some violent push, we should go off, all at once, in a state-apoplexy;—and then he would say, The Lord have mercy upon us all.

My father was never able to give the history of this distemper,—without the remedy along with it.

’Was I an absolute prince,’ he would say, pulling up his breeches with both his hands, as he rose from his arm-chair, ’I would appoint able judges, at every avenue of my metropolis, who should take cognizance of every fool’s business who came there;—and if, upon a fair and candid hearing, it appeared not of weight sufficient to leave his own home, and come up, bag and baggage, with his wife and children, farmer’s sons, &c. &c. at his backside, they should be all sent back, from constable to constable, like vagrants as they were, to the place of their legal settlements. By this means I shall take care, that my metropolis totter’d not thro’ its own weight;—that the head be no longer too big for the body;—that the extremes, now wasted and pinn’d in, be restored to their due share of nourishment, and regain with it their natural strength and beauty:—I would effectually provide, That the meadows and corn fields of my dominions, should laugh and sing;—that good chear and hospitality flourish once more;—and that such weight and influence be put thereby into the hands of the Squirality of my kingdom, as should counterpoise what I perceive my Nobility are now taking from them.

’Why are there so few palaces and gentlemen’s seats,’ he would ask, with some emotion, as he walked across the room, ’throughout so many delicious provinces in France? Whence is it that the few remaining Chateaus amongst them are so dismantled,—so unfurnished, and in so ruinous and desolate a condition?—Because, Sir’ (he would say) ’in that kingdom no man has any country-interest to support;—the little interest of any kind which any man has any where in it, is concentrated in the court, and the looks of the Grand Monarch: by the sunshine of whose countenance, or the clouds which pass across it, every French man lives or dies.’

Another political reason which prompted my father so strongly to guard against the least evil accident in my mother’s lying-in in the country,— was, That any such instance would infallibly throw a balance of power, too great already, into the weaker vessels of the gentry, in his own, or higher stations;—which, with the many other usurped rights which that part of the constitution was hourly establishing,—would, in the end, prove fatal to the monarchical system of domestick government established in the first creation of things by God.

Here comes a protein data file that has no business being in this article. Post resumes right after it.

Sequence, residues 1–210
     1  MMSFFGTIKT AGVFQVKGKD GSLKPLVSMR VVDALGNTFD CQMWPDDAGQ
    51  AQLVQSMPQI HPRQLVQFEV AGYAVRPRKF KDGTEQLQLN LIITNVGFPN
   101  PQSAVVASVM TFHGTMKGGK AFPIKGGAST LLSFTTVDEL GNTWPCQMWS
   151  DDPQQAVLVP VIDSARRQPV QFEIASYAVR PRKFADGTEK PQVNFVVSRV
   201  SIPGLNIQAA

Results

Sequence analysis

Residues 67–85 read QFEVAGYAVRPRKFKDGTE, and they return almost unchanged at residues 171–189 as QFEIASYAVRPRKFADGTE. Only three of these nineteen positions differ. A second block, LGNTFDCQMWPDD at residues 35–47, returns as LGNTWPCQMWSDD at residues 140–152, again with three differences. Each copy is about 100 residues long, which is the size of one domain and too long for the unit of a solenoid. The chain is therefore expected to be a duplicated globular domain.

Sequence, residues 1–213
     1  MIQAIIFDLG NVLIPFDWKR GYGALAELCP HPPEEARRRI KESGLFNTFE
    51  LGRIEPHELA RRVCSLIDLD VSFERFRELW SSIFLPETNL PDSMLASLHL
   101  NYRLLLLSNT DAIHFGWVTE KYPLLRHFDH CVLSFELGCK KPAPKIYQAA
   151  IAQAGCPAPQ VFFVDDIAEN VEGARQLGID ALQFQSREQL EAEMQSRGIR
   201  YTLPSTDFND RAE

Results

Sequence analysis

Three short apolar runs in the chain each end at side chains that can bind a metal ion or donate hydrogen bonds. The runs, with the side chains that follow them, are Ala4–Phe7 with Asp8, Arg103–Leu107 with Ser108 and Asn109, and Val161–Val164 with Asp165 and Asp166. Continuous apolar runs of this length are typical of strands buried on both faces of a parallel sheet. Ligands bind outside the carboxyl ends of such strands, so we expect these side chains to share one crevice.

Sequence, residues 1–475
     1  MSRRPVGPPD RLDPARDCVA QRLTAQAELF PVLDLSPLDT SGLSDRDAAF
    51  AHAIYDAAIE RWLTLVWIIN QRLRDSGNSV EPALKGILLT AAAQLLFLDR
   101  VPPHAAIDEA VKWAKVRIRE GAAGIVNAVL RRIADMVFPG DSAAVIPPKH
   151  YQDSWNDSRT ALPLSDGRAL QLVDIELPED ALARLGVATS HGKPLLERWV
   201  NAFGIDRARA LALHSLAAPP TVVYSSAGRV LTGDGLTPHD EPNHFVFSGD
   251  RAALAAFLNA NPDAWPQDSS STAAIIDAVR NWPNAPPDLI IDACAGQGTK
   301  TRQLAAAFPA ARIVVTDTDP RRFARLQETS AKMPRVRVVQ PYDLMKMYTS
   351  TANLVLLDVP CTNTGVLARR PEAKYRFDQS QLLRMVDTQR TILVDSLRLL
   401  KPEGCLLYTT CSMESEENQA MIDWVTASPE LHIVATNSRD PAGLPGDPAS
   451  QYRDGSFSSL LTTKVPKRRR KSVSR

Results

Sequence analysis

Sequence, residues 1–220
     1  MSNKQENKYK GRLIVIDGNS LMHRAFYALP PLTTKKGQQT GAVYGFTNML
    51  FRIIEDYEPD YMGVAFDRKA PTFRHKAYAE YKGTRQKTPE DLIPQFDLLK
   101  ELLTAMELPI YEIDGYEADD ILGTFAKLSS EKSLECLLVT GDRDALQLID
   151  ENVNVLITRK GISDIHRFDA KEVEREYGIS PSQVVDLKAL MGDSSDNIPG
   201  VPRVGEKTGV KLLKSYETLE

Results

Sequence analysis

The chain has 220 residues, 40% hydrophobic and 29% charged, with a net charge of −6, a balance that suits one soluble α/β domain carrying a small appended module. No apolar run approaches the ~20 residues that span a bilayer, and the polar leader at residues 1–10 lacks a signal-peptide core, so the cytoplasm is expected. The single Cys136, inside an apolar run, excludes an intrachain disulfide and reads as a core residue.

In this point he was entirely of Sir Robert Filmer’s opinion, That the plans and institutions of the greatest monarchies in the eastern parts of the world, were, originally, all stolen from that admirable pattern and prototype of this houshold and paternal power;—which, for a century, he said, and more, had gradually been degenerating away into a mix’d government;—the form of which, however desirable in great combinations of the species,—was very troublesome in small ones,—and seldom produced any thing, that he saw, but sorrow and confusion.

For all these reasons, private and publick, put together,—my father was for having the man-midwife by all means,—my mother, by no means. My father begg’d and intreated, she would for once recede from her prerogative in this matter, and suffer him to choose for her;—my mother, on the contrary, insisted upon her privilege in this matter, to choose for herself,—and have no mortal’s help but the old woman’s.—What could my father do? He was almost at his wit’s end;—talked it over with her in all moods;—placed his arguments in all lights;—argued the matter with her like a christian,—like a heathen,—like a husband,—like a father,—like a patriot,—like a man:—My mother answered every thing only like a woman; which was a little hard upon her;—for as she could not assume and fight it out behind such a variety of characters,—’twas no fair match:—’twas seven to one.—What could my mother do?—She had the advantage (otherwise she had been certainly overpowered) of a small reinforcement of chagrin personal at the bottom, which bore her up, and enabled her to dispute the affair with my father with so equal an advantage,—that both sides sung Te Deum. In a word, my mother was to have the old woman,—and the operator was to have licence to drink a bottle of wine with my father and my uncle Toby Shandy in the back parlour,—for which he was to be paid five guineas.

  By PanEris using Melati.

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